To those of you who know me and my views well, I assure you that there is no mistake in the title, nor have I had a sudden and drastic change in worldview over the summer. But I am still a progressive so now I must prove my case. To progress is to move forward and there is only one ideology that has progressed humanity further than any other: Classical liberalism.
Classical liberalism can basically be defined as the ideology of the individual with its staunch protection of civil liberties such as freedom of speech, the press and assembly coupled with a strong adherence to economic freedom and a defence of private property rights. Much of these ideas were developed and embraced by what we now know as ‘the West’ where the focus on the individual took hold, paving the way for the abolition of slavery; the introduction of racial and gender equality; and a tolerance towards those who have different beliefs, lifestyles and attitudes to ourselves. What accompanied the rise of the West along the way was innovation brought about by free market principles, raising living standards above that of the absolutist monarchs which classical liberalism successfully challenged and supplanted.
The feudal economies of old (and most of human history for that matter) experienced stagnant innovation as there was no incentive unlike in a free market, where one must appease the demands of consumers. Since the invention of farming over 10,000 years ago, humanity suddenly found itself with time on its hands to invent and experiment for the first time in its history. But innovation was still incredibly slow; under free market capitalism, innovation has exploded. This innovation brings both a mass production of goods and services as well as the introduction of new goods and services onto the market, enabling ordinary people to have a comfortable standard of living, rather than just the wealthy. The commencement of free market capitalism has also crushed the global rate of extreme poverty, slicing it in half between 1990 and 2010, with much of this achievement originating in India and China after they had liberalised their markets.
Capitalism also allows for a welfare state; a safety net to protect the most vulnerable in society because, in order to utilise tax revenue, wealth must be created in the first place. Socialist economic systems are unable to provide for the very poor because there is no wealth (or at the very least no more wealth) to seize and siphon off as no one wants to produce. Staying on topic, the classical liberal West eventually defeated the Soviet Union in the Cold War, in part by forcing the USSR to become less dictatorial and slowly shift to more classically liberal policies to help sustain the whole system. Human rights, rising living standards, equality before the law, fending off totalitarianism… is this not progress? Surely if we define progress as the improvement of the conditions of humanity, classical liberalism is inherently progressive.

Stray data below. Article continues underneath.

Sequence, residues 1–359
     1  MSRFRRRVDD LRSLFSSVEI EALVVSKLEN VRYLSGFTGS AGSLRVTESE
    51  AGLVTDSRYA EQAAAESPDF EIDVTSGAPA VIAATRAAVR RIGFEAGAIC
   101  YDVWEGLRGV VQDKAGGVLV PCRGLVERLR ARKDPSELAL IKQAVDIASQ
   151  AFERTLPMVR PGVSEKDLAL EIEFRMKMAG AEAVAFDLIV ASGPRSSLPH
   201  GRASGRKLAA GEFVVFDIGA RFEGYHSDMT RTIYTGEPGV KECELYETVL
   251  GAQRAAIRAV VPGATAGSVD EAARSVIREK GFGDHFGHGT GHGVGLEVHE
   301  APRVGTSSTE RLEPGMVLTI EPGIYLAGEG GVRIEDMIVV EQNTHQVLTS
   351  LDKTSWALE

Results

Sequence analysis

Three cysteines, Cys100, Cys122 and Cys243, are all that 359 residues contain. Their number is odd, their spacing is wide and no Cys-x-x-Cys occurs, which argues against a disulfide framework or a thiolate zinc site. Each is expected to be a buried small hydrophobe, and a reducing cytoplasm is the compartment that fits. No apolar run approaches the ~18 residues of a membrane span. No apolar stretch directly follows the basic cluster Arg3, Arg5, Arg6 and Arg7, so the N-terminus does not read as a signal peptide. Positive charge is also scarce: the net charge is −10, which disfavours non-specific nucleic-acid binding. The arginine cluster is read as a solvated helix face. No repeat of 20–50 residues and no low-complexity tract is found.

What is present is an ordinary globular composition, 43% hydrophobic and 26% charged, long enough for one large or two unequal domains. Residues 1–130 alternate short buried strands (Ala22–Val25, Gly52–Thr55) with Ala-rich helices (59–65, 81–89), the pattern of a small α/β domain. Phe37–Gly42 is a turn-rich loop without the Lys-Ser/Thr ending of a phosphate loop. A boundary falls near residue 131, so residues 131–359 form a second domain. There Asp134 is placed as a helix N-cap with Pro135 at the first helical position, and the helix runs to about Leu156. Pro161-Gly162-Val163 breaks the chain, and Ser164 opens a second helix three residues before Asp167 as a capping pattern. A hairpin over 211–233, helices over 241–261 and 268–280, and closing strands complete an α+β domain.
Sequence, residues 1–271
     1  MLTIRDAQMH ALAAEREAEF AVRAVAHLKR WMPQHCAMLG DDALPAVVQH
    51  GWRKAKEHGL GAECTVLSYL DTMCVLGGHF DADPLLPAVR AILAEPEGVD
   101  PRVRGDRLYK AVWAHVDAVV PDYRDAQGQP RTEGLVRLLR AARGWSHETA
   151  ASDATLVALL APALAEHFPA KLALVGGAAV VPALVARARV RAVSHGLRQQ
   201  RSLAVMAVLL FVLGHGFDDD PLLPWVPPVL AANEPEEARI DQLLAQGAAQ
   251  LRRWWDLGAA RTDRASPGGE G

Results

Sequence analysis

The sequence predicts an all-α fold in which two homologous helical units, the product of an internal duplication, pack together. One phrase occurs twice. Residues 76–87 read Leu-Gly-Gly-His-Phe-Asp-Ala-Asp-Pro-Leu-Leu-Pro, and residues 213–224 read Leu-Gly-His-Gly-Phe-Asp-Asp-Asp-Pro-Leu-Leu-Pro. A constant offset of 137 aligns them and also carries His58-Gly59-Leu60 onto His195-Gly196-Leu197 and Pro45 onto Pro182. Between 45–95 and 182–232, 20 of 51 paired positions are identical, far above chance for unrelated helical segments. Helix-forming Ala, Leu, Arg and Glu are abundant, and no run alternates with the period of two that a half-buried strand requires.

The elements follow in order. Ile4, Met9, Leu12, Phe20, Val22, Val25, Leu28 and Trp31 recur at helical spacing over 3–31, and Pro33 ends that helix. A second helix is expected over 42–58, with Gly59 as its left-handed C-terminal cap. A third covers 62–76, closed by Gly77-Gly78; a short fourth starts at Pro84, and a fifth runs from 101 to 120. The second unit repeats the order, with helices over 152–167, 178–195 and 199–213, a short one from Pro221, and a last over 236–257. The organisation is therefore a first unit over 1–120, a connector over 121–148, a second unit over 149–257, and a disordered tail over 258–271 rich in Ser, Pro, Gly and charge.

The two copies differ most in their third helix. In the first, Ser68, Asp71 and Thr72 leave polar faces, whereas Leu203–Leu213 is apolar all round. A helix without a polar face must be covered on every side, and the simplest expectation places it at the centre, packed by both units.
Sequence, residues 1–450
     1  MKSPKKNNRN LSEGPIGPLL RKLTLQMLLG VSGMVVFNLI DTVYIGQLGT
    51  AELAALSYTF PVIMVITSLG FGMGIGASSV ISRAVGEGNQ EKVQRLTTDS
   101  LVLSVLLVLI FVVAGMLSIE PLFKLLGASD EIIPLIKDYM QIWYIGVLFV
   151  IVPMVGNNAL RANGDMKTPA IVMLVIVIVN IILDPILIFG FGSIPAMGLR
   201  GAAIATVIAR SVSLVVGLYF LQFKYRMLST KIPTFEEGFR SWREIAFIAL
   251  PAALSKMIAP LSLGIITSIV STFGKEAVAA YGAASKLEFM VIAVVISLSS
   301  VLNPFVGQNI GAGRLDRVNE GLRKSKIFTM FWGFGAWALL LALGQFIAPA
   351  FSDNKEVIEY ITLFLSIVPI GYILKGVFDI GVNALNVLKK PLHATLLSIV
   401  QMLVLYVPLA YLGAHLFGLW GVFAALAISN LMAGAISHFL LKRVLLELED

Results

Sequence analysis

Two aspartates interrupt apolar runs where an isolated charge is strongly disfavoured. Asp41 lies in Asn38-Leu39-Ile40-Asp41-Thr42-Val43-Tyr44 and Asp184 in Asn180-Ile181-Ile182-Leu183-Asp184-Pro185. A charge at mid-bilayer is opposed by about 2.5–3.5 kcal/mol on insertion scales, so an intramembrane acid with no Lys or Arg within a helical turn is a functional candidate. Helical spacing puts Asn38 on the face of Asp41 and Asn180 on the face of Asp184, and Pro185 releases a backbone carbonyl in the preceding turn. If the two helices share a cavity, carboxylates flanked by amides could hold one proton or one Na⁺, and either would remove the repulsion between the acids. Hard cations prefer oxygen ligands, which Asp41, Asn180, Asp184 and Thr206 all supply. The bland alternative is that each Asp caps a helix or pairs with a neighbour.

But the word ‘progressive’ is not linked to classical liberalism: it is linked to its arch-nemesis. Nowadays, those that call themselves progressive believe that their ideology is progressive because it is called progressive, so the cause must be righteous and the destination beneficial. The contemporary progressives may believe that their ideas are going to propel humanity to a brighter future but they are against freedom of speech, individual choice and possess a strong disregard for free market economics in favour of a bureaucratic-collectivist system where everyone thinks the same and does as they are told.
Now here is the main focus of the article: the progressive’s war on language. The contemporary progressives use the literal definition/appeal to definition fallacy (where the meaning of the name must convey to what it actually is) to justify their ideology. Of course, by doing this they must explain the Democratic People’s Republic of Korea, the Congo Free State under Leopold II and how could we forget… The National Socialist German Worker’s Party. I’m sure they’ll get around to it as soon as possible. Antifa is another example: the group claims to be against fascism but uses violence against any of its ideological opponents (who are almost always not fascist in any way) when they exercise their free speech rights, making them seem less like the soldiers who stormed the Normandy beaches and more like Hitler’s Brownshirts.
Going with the literal definition is Orwellian, with Orwell writing both Animal Farm and 1984 to show that tyrants would try to use this tactic to mask their true intentions. But it is not just the literal definition where they are fighting battles; they are fighting the definition of words entirely with an example being the phrase ‘speech is violence.’ Now equating speech you disagree with to violence is peak snowflake mentality but it also shows that the word speech is losing its meaning, as violence means the use of physical force. The contemporary progressives also enjoy broadening the definition of words beyond any logical meaning. ‘Hate speech’ is a popular example as rather than meaning speech which incites violence or is necessarily intended to generate hate, a more accurate definition would be ‘anything which the arbiter of what hate speech is disagrees with.’